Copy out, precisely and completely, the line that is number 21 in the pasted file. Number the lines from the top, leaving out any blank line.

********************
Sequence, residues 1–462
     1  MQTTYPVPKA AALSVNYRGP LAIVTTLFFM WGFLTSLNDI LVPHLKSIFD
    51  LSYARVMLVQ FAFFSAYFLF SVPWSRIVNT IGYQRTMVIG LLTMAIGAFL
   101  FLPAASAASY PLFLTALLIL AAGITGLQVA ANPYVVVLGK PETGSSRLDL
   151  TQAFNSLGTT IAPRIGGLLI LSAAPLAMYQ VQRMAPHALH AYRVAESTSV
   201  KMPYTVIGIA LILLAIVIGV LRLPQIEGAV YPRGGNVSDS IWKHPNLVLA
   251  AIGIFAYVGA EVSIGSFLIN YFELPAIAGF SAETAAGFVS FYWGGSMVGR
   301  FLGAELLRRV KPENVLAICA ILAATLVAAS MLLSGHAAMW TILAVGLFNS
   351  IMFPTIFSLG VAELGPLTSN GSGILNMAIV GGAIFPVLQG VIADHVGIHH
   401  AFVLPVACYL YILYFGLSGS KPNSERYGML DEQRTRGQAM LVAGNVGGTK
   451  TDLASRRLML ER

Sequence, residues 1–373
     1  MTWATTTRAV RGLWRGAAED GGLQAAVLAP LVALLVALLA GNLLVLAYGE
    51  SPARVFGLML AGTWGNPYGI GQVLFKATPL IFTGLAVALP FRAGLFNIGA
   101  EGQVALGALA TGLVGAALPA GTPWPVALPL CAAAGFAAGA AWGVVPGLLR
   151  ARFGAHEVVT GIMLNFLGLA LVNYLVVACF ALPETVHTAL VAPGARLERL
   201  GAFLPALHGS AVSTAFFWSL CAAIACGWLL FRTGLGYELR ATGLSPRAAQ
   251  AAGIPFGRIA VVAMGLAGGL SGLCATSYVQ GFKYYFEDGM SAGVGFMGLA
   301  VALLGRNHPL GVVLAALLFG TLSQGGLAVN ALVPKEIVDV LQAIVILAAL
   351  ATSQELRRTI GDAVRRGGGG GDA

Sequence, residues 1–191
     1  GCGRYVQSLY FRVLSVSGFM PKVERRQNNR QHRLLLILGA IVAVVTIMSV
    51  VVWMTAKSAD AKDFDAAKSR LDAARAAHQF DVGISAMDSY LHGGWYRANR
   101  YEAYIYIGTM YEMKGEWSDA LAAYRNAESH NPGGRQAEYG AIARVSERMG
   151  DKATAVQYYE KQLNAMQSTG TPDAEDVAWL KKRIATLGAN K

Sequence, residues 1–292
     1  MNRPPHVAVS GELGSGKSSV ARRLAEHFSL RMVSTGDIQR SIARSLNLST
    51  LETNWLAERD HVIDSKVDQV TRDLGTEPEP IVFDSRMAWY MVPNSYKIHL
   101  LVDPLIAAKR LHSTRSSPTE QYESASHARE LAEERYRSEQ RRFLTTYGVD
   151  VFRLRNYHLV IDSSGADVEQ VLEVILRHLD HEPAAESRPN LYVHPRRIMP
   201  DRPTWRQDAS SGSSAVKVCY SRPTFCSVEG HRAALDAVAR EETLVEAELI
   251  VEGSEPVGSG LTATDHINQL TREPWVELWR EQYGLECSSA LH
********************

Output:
Sequence, residues 1–191